The church is the visual inspiration to Christians to pray The notion of what it meant to be religious to Roger Martyn was to participate in rituals, processions and in the music whilst in mass perceiving the presence of God during the ceremony with prayers and songs and the ceremony of the consecrated bread and wine. Also meant to read through relevant materials which helped to visualise and learn Christian teaching and to live by them and to be present in church and being observant of the annual cycle of the holy days.
Christianity was central to the life of Martyn village community as a whole. (John Wolffe, pg 76) The religious world described was largely brushed off England during the middle decades of the sixteenth century. The Protestants believe that salvation depends upon each one’s actions, on personal father rather than be taking part in ceremonies within the church and that their beliefs had direct spiritual inspiration from God rather than listening to priest and bishops.
Protestants ultimate authority is the original text of the Bible rather than the church’s traditions. The concept of purgatory was rejected they believe the ones living in true faith in Christ went straight to heaven after death; those who had not were sent straight to hell. Church buildings had to become plainer as the colourful rituals and images were seen as a distraction and had to be covered up from the necessary spiritual realities. Changes took place in four phases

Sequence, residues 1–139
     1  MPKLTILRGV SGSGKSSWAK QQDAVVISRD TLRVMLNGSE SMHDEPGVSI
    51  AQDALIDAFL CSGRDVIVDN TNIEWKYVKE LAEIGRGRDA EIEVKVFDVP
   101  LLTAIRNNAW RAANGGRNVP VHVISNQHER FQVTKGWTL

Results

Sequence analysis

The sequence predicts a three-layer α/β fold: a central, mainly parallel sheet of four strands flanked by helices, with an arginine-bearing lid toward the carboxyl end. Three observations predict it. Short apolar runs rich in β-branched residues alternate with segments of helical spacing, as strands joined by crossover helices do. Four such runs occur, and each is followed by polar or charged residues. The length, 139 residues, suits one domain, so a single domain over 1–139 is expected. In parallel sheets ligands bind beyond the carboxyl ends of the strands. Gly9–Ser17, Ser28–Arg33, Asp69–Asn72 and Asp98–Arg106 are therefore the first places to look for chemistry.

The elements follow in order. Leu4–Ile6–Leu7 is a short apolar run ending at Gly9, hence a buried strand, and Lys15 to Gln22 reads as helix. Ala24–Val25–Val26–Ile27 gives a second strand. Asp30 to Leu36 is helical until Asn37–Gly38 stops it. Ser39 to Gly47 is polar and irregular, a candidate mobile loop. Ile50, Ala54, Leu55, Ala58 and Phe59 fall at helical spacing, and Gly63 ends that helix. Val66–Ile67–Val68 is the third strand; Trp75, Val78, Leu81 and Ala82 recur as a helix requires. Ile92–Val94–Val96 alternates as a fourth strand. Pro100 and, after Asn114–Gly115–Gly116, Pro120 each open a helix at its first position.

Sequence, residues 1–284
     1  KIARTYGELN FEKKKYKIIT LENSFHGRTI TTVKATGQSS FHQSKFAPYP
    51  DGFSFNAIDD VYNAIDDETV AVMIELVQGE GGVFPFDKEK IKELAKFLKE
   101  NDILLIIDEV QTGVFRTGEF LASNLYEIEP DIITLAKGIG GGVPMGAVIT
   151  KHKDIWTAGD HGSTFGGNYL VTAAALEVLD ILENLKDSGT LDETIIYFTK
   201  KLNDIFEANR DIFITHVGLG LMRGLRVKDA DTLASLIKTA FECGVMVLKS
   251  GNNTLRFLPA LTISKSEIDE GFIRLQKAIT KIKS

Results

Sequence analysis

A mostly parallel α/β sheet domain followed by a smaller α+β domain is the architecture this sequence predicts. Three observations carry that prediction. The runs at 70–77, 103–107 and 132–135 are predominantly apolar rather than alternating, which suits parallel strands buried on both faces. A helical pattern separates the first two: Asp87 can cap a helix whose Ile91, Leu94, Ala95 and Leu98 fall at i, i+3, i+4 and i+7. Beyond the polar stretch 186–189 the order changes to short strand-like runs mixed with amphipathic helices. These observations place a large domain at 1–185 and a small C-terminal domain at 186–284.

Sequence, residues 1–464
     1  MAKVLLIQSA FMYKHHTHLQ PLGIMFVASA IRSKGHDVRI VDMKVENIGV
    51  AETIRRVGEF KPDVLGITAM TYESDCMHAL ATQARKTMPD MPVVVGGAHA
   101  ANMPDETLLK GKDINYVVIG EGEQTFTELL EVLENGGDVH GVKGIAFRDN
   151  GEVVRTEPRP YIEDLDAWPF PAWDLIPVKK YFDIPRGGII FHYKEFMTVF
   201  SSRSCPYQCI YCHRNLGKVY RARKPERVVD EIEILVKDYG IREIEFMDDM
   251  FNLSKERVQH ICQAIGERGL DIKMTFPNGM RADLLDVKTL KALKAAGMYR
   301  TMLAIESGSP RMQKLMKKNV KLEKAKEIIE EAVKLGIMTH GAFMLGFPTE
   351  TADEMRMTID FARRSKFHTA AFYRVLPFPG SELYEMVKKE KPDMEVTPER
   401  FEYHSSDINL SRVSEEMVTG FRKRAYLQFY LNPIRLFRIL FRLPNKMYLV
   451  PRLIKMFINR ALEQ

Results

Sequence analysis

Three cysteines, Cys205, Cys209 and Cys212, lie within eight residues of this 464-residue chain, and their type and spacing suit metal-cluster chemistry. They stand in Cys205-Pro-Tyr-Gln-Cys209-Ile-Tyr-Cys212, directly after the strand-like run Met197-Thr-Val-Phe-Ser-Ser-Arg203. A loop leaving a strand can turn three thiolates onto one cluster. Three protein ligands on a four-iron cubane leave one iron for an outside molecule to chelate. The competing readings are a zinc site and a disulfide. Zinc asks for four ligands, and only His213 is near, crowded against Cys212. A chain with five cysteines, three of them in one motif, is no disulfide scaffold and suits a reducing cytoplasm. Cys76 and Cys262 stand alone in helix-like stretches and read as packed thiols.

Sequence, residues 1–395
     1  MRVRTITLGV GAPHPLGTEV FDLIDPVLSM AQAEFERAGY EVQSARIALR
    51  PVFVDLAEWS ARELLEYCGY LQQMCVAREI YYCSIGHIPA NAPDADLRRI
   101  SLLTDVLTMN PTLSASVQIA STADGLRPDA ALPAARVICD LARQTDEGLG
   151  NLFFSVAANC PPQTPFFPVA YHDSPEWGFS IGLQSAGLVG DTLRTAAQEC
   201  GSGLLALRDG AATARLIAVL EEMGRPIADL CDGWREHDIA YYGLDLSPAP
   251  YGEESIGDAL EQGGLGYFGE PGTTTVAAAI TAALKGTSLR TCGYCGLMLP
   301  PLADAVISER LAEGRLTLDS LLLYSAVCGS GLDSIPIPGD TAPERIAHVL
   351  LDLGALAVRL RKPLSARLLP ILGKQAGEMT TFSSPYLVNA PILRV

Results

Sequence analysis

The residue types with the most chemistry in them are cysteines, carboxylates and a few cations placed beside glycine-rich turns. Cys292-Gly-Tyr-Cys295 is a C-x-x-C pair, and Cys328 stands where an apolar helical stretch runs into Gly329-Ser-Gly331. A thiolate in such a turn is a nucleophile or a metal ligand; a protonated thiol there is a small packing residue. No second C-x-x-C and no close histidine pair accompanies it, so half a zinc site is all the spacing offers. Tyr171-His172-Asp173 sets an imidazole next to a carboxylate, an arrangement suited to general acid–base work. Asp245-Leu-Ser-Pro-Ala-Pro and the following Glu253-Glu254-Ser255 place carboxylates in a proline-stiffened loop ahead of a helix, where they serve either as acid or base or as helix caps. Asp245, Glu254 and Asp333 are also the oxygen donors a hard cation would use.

The first being between (1527-47) King Henry the V111 conflict with the papacy was not initially religious but personal as the pope refused to dissolve his marriage to his first wife Catherine of Aragon. This prevented him from being able to marry Anne Boleyn and denying him the opportunity of fathering a son heir. This being the kings reason and Parliament renounced the authority of the pope in 1533 and King Henry went on in abolishing convents. During King Henry the English church continued to be traditional in both doctrine and religious practices.